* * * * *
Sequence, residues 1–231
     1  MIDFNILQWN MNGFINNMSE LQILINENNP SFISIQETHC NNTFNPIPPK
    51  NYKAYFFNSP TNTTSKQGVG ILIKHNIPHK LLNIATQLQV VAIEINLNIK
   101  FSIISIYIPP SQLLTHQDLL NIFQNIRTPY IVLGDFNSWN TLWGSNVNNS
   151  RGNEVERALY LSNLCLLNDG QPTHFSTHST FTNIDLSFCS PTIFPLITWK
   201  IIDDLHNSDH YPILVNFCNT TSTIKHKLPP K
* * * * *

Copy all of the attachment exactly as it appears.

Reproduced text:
Sequence, residues 1–231
     1  MIDFNILQWN MNGFINNMSE LQILINENNP SFISIQETHC NNTFNPIPPK
    51  NYKAYFFNSP TNTTSKQGVG ILIKHNIPHK LLNIATQLQV VAIEINLNIK
   101  FSIISIYIPP SQLLTHQDLL NIFQNIRTPY IVLGDFNSWN TLWGSNVNNS
   151  RGNEVERALY LSNLCLLNDG QPTHFSTHST FTNIDLSFCS PTIFPLITWK
   201  IIDDLHNSDH YPILVNFCNT TSTIKHKLPP K